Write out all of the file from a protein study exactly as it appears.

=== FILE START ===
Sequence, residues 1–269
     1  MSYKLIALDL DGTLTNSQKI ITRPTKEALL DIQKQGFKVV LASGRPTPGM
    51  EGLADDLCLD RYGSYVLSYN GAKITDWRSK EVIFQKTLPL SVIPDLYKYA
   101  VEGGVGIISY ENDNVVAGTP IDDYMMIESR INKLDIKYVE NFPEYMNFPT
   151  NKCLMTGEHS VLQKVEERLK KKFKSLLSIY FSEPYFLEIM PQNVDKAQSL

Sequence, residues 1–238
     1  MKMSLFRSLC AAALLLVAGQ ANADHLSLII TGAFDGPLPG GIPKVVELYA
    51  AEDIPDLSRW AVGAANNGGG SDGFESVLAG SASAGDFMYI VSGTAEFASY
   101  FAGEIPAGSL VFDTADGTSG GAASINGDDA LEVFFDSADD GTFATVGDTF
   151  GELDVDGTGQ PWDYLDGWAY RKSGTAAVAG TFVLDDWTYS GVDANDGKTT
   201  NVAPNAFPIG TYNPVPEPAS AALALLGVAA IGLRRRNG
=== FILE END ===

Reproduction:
Sequence, residues 1–269
     1  MSYKLIALDL DGTLTNSQKI ITRPTKEALL DIQKQGFKVV LASGRPTPGM
    51  EGLADDLCLD RYGSYVLSYN GAKITDWRSK EVIFQKTLPL SVIPDLYKYA
   101  VEGGVGIISY ENDNVVAGTP IDDYMMIESR INKLDIKYVE NFPEYMNFPT
   151  NKCLMTGEHS VLQKVEERLK KKFKSLLSIY FSEPYFLEIM PQNVDKAQSL

Sequence, residues 1–238
     1  MKMSLFRSLC AAALLLVAGQ ANADHLSLII TGAFDGPLPG GIPKVVELYA
    51  AEDIPDLSRW AVGAANNGGG SDGFESVLAG SASAGDFMYI VSGTAEFASY
   101  FAGEIPAGSL VFDTADGTSG GAASINGDDA LEVFFDSADD GTFATVGDTF
   151  GELDVDGTGQ PWDYLDGWAY RKSGTAAVAG TFVLDDWTYS GVDANDGKTT
   201  NVAPNAFPIG TYNPVPEPAS AALALLGVAA IGLRRRNG